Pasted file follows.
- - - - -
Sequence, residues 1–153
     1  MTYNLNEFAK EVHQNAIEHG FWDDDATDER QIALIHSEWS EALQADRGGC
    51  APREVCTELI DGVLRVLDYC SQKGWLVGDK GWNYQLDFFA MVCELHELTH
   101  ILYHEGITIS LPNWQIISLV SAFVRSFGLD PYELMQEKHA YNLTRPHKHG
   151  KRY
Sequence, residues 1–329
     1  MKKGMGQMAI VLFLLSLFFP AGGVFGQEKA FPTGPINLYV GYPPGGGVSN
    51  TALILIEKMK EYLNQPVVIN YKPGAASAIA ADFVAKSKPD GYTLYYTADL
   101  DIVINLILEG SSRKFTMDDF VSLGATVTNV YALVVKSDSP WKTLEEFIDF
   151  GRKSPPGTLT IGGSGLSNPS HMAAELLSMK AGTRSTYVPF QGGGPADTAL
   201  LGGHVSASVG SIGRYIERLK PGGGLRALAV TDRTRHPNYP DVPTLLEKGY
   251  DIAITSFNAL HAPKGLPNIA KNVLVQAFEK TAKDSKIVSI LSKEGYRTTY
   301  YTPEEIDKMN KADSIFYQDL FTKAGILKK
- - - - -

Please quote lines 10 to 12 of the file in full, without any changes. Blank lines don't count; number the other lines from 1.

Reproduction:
   151  GRKSPPGTLT IGGSGLSNPS HMAAELLSMK AGTRSTYVPF QGGGPADTAL
   201  LGGHVSASVG SIGRYIERLK PGGGLRALAV TDRTRHPNYP DVPTLLEKGY
   251  DIAITSFNAL HAPKGLPNIA KNVLVQAFEK TAKDSKIVSI LSKEGYRTTY